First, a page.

Role of prolyl hyrdoxylase domain enzymes in normal and malignant haematopoiesis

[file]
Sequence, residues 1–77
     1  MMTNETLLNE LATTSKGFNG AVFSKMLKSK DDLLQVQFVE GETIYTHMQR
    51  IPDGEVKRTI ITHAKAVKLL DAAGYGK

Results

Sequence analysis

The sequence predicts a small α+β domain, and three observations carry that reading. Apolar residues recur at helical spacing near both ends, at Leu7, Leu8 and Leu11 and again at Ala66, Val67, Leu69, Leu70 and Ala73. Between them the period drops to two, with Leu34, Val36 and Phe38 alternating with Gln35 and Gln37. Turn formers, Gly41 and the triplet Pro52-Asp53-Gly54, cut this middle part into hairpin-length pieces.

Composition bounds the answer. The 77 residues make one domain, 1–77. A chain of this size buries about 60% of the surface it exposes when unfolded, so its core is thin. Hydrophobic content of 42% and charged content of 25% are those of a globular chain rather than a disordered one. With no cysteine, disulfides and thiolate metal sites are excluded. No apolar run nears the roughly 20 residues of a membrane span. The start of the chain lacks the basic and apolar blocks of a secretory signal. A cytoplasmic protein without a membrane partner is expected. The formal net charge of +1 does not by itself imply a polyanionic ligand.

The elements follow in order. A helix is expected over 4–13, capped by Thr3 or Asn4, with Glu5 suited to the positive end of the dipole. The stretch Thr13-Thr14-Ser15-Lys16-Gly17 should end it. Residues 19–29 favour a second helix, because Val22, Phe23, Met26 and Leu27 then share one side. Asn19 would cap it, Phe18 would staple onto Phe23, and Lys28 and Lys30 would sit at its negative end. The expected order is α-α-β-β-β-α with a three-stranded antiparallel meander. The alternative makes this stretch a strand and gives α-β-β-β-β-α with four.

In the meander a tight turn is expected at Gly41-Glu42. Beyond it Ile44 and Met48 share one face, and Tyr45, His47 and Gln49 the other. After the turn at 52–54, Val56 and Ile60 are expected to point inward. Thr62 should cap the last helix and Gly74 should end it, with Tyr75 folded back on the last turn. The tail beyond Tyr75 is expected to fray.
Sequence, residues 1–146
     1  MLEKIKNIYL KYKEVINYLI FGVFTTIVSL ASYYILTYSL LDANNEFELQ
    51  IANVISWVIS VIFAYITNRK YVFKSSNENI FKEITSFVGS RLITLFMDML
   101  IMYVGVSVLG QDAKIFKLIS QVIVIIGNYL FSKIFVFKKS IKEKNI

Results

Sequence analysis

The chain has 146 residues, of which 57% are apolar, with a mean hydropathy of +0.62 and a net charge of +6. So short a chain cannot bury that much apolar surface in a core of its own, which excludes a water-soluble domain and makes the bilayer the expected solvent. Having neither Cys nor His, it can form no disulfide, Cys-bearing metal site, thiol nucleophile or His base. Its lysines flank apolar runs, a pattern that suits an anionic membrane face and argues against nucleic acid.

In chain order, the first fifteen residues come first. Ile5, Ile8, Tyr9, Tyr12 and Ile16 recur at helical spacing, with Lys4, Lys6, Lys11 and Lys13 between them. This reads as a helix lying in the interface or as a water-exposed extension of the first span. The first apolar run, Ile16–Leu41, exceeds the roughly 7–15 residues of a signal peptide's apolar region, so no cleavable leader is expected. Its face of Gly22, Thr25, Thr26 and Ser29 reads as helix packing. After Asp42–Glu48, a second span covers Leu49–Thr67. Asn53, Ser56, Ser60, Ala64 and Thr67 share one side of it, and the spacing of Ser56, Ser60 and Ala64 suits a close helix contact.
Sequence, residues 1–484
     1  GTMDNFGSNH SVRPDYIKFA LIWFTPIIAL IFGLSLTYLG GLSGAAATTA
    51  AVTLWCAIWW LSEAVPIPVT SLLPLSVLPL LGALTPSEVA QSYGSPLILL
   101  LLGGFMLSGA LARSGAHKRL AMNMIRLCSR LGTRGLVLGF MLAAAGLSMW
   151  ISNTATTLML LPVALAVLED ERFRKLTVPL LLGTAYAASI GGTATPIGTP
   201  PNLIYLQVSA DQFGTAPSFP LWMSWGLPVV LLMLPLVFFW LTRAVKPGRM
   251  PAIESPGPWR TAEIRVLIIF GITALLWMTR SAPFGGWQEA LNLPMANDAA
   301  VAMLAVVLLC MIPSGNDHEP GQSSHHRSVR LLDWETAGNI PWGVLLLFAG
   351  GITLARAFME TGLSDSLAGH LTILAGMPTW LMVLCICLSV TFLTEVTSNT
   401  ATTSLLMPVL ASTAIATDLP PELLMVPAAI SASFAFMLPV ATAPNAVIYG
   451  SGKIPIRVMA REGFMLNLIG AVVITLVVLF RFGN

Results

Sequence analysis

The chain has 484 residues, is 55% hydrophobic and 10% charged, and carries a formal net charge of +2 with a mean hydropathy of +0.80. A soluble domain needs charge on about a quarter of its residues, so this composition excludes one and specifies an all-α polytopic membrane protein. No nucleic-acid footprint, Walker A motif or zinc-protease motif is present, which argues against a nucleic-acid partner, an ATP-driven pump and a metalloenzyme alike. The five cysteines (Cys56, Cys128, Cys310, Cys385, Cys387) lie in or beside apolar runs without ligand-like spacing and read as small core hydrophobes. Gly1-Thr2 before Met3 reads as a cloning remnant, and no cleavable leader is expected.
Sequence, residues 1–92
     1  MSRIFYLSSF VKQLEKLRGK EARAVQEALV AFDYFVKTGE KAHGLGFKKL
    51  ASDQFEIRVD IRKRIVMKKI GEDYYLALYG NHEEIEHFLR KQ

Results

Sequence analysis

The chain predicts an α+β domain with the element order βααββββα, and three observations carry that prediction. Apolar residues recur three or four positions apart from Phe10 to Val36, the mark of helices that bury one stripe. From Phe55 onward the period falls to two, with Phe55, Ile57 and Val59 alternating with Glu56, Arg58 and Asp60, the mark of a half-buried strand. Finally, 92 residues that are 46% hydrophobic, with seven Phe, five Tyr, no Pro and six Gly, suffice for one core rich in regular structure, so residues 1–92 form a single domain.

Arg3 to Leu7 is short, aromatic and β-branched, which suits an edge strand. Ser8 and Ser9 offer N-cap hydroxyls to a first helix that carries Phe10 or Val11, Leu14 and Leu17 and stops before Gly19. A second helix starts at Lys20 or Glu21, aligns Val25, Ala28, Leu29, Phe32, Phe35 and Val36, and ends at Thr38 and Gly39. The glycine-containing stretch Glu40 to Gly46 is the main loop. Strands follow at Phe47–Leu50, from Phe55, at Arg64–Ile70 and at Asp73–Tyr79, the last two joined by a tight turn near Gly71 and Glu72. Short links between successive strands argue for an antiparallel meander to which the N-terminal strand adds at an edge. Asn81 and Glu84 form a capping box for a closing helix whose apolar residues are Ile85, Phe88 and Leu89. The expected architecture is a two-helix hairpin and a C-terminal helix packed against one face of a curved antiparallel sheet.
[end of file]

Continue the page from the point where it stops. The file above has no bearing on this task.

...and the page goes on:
Acute Myeloid Leukaemia (AML) arises from a dysregulation in haematopoietic stem and progenitor cells (HSPCs), leading to the production of highly proliferative blast cells. Current chemotherapies can eliminate these cells but fail to eradicate the leukaemic stem cell (LSC) source. There has been increasing interest in the microenvironment in which LSCs, as well as their haematopoietic stem cell (HSC) counterparts reside, with particular focus on the hypoxic nature of the niche. As such, this led us to investigate Hypoxia Inducible Factors (HIFs) in leukaemia development where our previously published data shows that HIFs are tumour suppressors in AML. This thesis builds on this work, investigating the therapeutic potential of Prolyl Hydroxylases Domain (PHD) inhibition, which stabilises HIFs. Results show that deletion of the Phd isoforms Phd1 and Phd2 reduces leukaemic transformation and development in vitro. Additionally, when leukaemic cells deficient in Phd1 and Phd2 were transplanted into syngeneic lethally irradiated recipient mice, there was a reduction in leukaemic engraftment, resulting in an increase in disease latency when compared to the control cells. In addition, I further validated this result by using a doxycycline-inducible shRNA model to knockdown levels of Phd2 in leukaemic cells. Mirroring the results of the gene deletion study, Phd2 knockdown led to a regression of leukaemia both in vitro and in vivo. To further validate PHDs as therapeutic targets in AML, I investigated the impact of deletion of Phd1 and Phd2 specifically in the hematopoietic system using Vav-iCre. Steady state analysis of the HSPC and differentiated cell compartments found there were no significant differences when compared to control mice. Moreover, further utilising the inducible shRNA model, I acutely deleted Phd2 in vivo, discovering a decrease in the frequency and functionality of the HSC compartment, with no other discernible phenotypes. Given there were no significant detrimental effects on normal haematopoiesis, this study provides a strong rationale for studying the inhibition of Phds in combination with current chemotherapeutic regimes, aiming to provide targeted therapies for AML.